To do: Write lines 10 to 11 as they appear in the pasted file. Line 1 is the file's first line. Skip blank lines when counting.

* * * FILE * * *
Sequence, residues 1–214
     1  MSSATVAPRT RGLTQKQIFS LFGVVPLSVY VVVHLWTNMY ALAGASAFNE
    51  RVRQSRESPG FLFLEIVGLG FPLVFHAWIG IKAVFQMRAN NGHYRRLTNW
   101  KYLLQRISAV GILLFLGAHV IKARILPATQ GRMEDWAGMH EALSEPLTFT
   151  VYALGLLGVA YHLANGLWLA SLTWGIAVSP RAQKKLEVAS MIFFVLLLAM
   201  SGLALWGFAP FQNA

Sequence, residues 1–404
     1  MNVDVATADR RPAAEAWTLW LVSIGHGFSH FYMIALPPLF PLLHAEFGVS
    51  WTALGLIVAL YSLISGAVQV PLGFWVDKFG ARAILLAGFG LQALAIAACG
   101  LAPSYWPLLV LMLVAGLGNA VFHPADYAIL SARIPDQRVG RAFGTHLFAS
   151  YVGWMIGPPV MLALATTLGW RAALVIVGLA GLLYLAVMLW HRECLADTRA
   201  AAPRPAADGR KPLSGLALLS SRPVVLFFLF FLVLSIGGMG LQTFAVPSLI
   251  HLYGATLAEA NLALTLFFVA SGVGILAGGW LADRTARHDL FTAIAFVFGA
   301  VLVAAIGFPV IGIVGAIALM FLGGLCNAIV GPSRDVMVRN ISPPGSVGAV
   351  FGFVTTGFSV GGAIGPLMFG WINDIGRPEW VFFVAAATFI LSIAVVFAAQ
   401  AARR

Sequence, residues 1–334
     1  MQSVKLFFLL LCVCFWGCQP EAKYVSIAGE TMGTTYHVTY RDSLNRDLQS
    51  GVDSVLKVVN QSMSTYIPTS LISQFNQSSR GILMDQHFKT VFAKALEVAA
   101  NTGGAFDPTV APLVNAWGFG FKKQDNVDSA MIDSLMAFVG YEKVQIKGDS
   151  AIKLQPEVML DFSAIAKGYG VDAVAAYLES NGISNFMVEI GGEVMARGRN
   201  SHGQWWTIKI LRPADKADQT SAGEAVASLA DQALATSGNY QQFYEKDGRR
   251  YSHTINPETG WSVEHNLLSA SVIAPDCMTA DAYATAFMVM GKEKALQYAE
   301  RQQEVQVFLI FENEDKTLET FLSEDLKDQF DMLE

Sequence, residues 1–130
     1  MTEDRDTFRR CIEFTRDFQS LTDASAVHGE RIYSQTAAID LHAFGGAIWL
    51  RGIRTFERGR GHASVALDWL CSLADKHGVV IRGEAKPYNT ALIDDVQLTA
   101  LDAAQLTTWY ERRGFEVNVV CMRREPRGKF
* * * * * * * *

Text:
   101  LAPSYWPLLV LMLVAGLGNA VFHPADYAIL SARIPDQRVG RAFGTHLFAS
   151  YVGWMIGPPV MLALATTLGW RAALVIVGLA GLLYLAVMLW HRECLADTRA